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How to turn your road bike into a gravel bike

You don't need a new machine to try riding off-road this spring

You don’t need a gravel-specific bike to get in on the gravel adventures everyone seems to be enjoying nowadays. 

A road bike, with the right conversions, can take on some light gravel grinds. You won’t have the longer, slacker geometry of a gravel bike, or the option to go as big with tire width, but, with a few upgrades, you can prepare your road bike for the off-road experience. 

RELATED: The beginner’s guide to every type of road bike

Pedals and shoes

Moving to mountain bike shoes/pedals is an easy road bike modification–all you need to do is switch out your road pedals for double-sided MTB pedals. These pedals are less likely to get clogged up with mud, dirt or other debris and have a quicker clip in/out design. 

Shoes made for gravel and cyclocross are designed for walking and keep the cleat protected from mud and further from the ground than road shoes. This switch is particularly useful when you have a road bike that might not be able to take on the rougher segments and you find yourself walking your bike through muddy patches of trail. 


There are a few factors to consider when buying gravel tires for your road bike. The width of your fork, seat stays, chainstays and (if applicable) rim brake calipers will dictate the maximum tire size you can squeeze into your frame. That being said, don’t forget to consider a small amount of room for dirt clearance and take into account the size of the treads on the tires themselves. It’s better to be conservative with your estimates rather than end up with tires that won’t fit on your bike.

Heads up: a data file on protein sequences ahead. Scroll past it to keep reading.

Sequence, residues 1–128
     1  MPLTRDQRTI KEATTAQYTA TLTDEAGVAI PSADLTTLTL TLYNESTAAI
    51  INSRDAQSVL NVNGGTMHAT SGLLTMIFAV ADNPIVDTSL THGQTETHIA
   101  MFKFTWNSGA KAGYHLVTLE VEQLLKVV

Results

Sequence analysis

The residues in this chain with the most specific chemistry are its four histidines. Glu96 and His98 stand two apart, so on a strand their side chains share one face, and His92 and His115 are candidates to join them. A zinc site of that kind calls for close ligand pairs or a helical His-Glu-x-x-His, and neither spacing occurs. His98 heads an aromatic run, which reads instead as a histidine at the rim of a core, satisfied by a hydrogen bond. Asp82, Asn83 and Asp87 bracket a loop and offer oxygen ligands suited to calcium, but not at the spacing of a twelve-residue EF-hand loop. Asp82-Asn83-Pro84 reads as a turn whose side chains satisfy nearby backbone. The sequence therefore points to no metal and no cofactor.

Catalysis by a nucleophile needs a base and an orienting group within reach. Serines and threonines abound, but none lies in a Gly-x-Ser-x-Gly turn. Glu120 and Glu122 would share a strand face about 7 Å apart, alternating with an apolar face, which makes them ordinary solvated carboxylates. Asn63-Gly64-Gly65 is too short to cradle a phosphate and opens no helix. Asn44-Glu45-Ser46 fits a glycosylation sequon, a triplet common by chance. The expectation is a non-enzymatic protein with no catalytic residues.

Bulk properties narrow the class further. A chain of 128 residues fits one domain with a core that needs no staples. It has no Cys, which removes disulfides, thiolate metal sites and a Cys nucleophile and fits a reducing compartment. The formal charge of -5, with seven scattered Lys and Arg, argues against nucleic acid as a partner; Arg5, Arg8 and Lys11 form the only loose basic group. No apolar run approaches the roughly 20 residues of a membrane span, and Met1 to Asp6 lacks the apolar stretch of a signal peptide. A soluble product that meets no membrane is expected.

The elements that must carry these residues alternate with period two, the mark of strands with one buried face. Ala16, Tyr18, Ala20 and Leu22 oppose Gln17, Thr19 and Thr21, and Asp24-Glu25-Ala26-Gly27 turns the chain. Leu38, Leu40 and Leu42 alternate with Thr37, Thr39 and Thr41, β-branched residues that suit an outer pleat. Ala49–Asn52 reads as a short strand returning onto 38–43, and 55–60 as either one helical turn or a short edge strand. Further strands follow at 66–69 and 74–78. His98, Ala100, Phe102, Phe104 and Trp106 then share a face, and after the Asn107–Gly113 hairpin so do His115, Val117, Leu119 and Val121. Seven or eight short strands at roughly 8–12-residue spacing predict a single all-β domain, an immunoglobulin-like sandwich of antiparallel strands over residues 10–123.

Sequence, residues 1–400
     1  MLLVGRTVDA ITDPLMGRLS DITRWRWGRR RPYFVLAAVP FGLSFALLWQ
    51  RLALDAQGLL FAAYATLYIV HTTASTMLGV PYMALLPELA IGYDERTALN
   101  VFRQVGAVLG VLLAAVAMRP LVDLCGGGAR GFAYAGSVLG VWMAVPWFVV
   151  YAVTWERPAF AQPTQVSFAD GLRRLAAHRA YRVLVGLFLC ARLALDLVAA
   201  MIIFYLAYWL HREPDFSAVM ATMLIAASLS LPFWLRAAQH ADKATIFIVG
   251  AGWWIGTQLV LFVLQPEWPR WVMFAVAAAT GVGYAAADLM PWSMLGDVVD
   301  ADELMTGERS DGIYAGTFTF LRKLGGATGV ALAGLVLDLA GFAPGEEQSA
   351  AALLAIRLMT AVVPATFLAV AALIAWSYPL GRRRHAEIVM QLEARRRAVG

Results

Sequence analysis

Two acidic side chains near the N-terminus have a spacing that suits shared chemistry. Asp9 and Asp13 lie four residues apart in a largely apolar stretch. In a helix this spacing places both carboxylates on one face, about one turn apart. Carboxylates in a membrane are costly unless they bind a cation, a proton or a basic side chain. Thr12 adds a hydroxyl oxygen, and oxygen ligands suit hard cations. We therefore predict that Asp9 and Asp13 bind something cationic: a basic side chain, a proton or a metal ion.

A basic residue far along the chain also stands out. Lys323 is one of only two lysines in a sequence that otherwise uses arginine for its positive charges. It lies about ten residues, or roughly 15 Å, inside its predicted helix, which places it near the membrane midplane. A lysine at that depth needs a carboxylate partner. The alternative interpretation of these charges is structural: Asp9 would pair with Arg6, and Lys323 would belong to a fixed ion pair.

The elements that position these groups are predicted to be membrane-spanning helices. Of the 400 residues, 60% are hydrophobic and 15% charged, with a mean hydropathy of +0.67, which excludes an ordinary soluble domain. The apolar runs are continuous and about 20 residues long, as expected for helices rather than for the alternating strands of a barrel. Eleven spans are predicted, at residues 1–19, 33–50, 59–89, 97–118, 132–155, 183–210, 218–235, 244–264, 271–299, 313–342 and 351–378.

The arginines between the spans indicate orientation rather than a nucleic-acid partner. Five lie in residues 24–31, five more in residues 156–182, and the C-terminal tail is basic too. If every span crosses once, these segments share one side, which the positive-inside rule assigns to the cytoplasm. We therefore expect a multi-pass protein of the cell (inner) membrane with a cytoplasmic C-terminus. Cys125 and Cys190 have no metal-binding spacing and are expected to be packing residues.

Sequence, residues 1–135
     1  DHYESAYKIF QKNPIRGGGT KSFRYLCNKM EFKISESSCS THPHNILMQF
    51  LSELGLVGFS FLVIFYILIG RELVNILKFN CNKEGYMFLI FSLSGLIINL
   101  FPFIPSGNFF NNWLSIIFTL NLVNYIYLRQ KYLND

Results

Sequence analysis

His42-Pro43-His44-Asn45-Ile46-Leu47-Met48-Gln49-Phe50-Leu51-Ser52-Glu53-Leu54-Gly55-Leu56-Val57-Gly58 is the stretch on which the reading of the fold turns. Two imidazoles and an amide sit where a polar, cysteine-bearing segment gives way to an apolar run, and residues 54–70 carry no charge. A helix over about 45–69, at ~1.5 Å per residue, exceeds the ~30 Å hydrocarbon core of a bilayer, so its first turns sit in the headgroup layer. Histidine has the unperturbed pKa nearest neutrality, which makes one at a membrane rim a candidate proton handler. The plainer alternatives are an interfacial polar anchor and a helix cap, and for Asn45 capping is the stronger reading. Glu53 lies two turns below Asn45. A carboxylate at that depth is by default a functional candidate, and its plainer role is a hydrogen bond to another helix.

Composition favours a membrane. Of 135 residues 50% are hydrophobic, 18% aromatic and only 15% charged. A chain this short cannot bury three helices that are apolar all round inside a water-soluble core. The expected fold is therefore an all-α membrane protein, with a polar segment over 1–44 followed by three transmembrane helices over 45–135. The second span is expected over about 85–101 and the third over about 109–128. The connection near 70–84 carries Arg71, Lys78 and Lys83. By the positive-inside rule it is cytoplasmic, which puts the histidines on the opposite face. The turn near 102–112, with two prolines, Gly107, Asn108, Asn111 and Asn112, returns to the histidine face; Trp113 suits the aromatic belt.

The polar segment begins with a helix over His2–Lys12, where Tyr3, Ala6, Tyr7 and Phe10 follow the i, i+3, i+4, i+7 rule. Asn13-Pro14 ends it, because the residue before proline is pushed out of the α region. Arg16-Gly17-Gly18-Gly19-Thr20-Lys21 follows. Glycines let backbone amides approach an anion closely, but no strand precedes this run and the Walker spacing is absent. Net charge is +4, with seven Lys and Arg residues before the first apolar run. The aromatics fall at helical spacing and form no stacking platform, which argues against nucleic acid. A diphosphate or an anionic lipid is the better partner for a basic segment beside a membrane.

Your rims are also a factor. Road bikes’ inner rim diameter, particularly on older wheels, is much smaller than you’ll see with gravel-specific rims. Try not to exceed the manufacturer’s recommended tire size. Depending on how frequently you plan on switching up your bike’s setup, it may be worth looking into a pair of gravel-specific wheels to save yourself the work of swapping tires. 


While not necessary, a wider will make riding on gravel a more enjoyable experience. Gravel bikes tend to have wider bars for better control and stability on rougher surfaces.

If you want to go the extra mile, choose a thicker, shock absorbing bar tape to dampen vibrations. According to Tim Wellens, when the pros take on the Tour of Flanders they will often double their bar tape to take on the rattling pavé segments.